Low Rate Initial Production Now Enabled
Lockheed Martin announced on 4 April that the Sikorsky CH-53K KING STALLION programme has successfully completed its Defense Acquisition Board review and achieved a Milestone C decision that enables low rate initial production (LRIP) funding.
“This affirmative Milestone C decision validates the maturity and the robust capability of the KING STALLION in meeting the United States Marine Corps’ [USMC] mission requirements,” Dr. Michael Torok, Sikorsky VP CH-53K Programmes, stated. “This establishes the CH-53K as a production programme and marks another critical step toward our goal of delivering this tremendous capability to the USMC.”
The path to Milestone C included supplier and prime contractor production readiness reviews in 2016, with over 400 flight hours completed to establish aircraft maturity. A USMC Initial Operational Assessment in October 2016 fully established the ability of the KING STALLION to achieve critical mission flight and ground scenarios in the hands of active duty Marines. Overall, post evaluation interviews of aircrew, ground crew and flight surgeons revealed a high regard for the operational capability demonstrated by the KING STALLION.
“We have just successfully launched the production of the most powerful helicopter our nation has ever designed. This incredible positive step function in capability is going to revolutionise the way our nation conducts business in the battlespace by ensuring a substantial increase in logistical throughput into that battlespace,” Col. Hank Vanderborght USMC, Programme Manager for Naval Air Systems Command’s Heavy Lift Helicopters Programme, said.
The CH-53K KING STALLION provides three times the lift of the CH-53E it replaces and, with a 12in wider internal cabin, its increased payloads can range from multiple standard 463L pallets, through an internally-loaded High Mobility Multipurpose Wheeled Vehicle or FENNEK armored personnel carrier, to up to three independent external loads at once. This provides extraordinary mission flexibility and system efficiency.
The KING STALLION, which is also competing for a German heavy lift helicopter requirement, offers enhanced safety features including full authority fly-by-wire flight controls and mission management, reducing pilot workload and enabling the crew to focus on mission execution as the all but flies itself. Other features include advanced stability augmentation, flight control modes that include attitude command-velocity hold, automated approach to a stabilised hover, position hold and precision tasks in degraded visual environments as well as tactile cueing, all of which permit the pilot to focus confidently on the mission at hand. Further, KING STALLION reliability and maintainability exceeds 89% mission reliability, with a smaller shipboard logistics footprint than the legacy CH-53E.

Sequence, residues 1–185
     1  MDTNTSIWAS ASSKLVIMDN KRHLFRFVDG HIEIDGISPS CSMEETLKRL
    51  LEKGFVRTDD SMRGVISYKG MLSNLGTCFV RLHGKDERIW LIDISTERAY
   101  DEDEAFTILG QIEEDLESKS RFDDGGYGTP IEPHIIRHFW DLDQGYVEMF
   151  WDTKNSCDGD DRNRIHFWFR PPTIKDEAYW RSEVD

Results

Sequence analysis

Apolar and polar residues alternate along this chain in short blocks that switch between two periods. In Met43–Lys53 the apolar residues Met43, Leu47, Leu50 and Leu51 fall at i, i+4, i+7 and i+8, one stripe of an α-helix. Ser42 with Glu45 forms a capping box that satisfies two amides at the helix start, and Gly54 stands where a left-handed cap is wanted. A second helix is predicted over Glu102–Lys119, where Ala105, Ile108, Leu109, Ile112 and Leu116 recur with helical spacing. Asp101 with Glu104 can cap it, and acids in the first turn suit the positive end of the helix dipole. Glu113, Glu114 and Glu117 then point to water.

The US programme remains at 200 CH-53K aircraft, the first six of which are under contract and scheduled to start delivery to the USMC in 2018. The first two LRIP aircraft are under long lead procurement for parts and materials, with deliveries scheduled to start in 2020. The Marine Corps intends to stand up eight active duty squadrons, one training squadron, and one reserve squadron to support operational requirements.
The CH-53K KING STALLIONis powered by GE Aviation‘s T408-GE-400 turboshaft engine, and the company expects the LRIP contract to be awarded later this year to support planned CH-53K initial operating capability (IOC) in 2019. The LRIP contract will include logistics support, technical publications and NAVAIR organic support development. The T408 achieved qualification in February 2016 after completing a rigorous series of tests in support of the USMC’s CH-53K heavy-lift helicopter.
“This approval of the Milestone C for the CH-53K by the USMC is an endorsement of the superior capability and production readiness of the King Stallion and the T408 engine,” Paul Acquaviva, T408 Program Director at GE Aviation, explained. “This decision will enable the United States Marines Corps to move the T408 engine into production, providing unprecedented performance for the warfighter.”
Three 7,332-rated shaft horsepower T408 engines will provide the power for the King Stallion, enabling the aircraft to carry a 27,000lbs external load over a mission radius of 110nm in high and hot weather conditions, which triples the external load carrying capacity of the service’s current CH-53E Super STALLION powered by GE Aviation’s T64 engine. The US Navy PoR is for 200 aircraft.
When compared to its predecessor – the T64 turboshaft engine that powers the Super STALLION aircraft – the T408 will provide more than 57% more power, 18% better specific fuel consumption and 63 percent fewer parts. The T408 features a more rugged compressor design to increase durability and resistance to sand erosion and salt water corrosion — features ideal to withstand the Marine Corps’ tough operating environment.
The T408 system development and demonstration phase delivered one core demonstrator engine, five factory test engines and 20 flight test engines to the CH-53K program. The engine has exceeded 7,700 hours of testing, including 4,500 hours in the factory and more than 3,200 operating hours in the ground test vehicle and four flight test vehicles. GE Aviation has shipped 17 SDTA engines so far and is on contract to deliver a total of 22 through 2017.